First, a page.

MOOCs, massive open online courses, may change the university and college system for ever. How potentially disruptive are MOOC providers such as EdX, Coursera and others in the complex market for higher education?
MOOCs - threat or opportunity? (BBC Newsnight, July 2013)
IMF launches MOOC on finance (June 2013)
MOOCs - an education revolution (New Scientist)read more...»
BSkyB has announced record revenues and profits. Total revenue in the last year grew by 7% to reach £7,235m and operating profit was 9% higher at £1,330m. This gave the business an operating margin of 18.4% and helped the business to generate free cash flow of just over £1 billion. Revenue per subscriber increased by £29 to £577. BSkyB has 11.2 million customers.
Programming costs were 34% of sales revenue at £2,486m. Sky paid £59m in the last year for the right to offer live coverage of the Ryder Cup, the Lions Tour and Formula 1. It has also invested more than £55m this year in original comedy and drama.
The FT news video below provides a timely look at the UK battle between telecoms group BT and pay-TV operator BSkyB to provide both sports TV and broadband. BT Sport, with rights to some Premier League football matches, launches in August 2013. This is an excellent example to use of a contestable market with a dominant established player and a new entrant (BT) using their financial muscle to try to break into the live sports TV market. It is an expensive business - the average cost of each live game shown in the current auction period is now over £6 million.read more...»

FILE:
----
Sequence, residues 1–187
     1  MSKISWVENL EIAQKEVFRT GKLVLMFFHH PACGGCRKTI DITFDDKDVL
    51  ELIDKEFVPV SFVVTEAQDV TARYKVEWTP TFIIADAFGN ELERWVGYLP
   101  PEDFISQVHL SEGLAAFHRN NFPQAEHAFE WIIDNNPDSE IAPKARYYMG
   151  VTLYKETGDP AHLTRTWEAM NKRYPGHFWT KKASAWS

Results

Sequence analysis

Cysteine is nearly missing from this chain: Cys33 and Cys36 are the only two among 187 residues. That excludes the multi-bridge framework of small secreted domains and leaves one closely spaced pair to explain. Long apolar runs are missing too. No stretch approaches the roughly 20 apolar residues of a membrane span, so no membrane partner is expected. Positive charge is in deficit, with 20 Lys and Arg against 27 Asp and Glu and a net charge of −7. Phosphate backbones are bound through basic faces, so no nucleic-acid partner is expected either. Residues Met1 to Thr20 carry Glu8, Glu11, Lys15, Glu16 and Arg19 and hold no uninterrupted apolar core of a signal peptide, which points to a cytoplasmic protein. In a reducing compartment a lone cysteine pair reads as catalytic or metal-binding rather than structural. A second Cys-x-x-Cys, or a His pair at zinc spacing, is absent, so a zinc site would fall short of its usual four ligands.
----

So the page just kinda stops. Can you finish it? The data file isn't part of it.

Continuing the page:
This short video from the OECD looks at the importance of knowledge capital as a key driver of innovation and growth for businesses and economies across the world. Innovation -- building on human knowledge - is booming, changing the way business invests and grows. As coal drove the last industrial revolution, software, databases, research and development, designs, new business models and the skills people bring to an organisation are driving revolutionary changes today.read more...»
Arising from a recent visit to Sheffield, Peter Marsh, formerly the Manufacturing editor of the Financial Times, wrote an article on how Britain's steel city might benefit from the new industrial revolution - here is the link to follow
The Financial Times website has published a new special report on their selection of 50 Top Business Ideas. I am linking below to the supporting video content which might be of interest to teachers and students who want to explore which ideas have made it into the final choice!read more...»
My students loved watching Ben's human powered ferris wheel (particularly the acrobatics of the staff!) and this led to a class discussion about the whole manufacturing output up (or at least in the US)/manufacturing employment down debate.
Whereas labour in the developing world is relatively cheap hence our unique ferris wheel above, in the west staff costs still constitute the lion's share of firms' total costs - added to that developments in technology and we have a situation where employment in areas which require fewer skills and more "manual" tasks are now being performed by robots despite output actually increasing.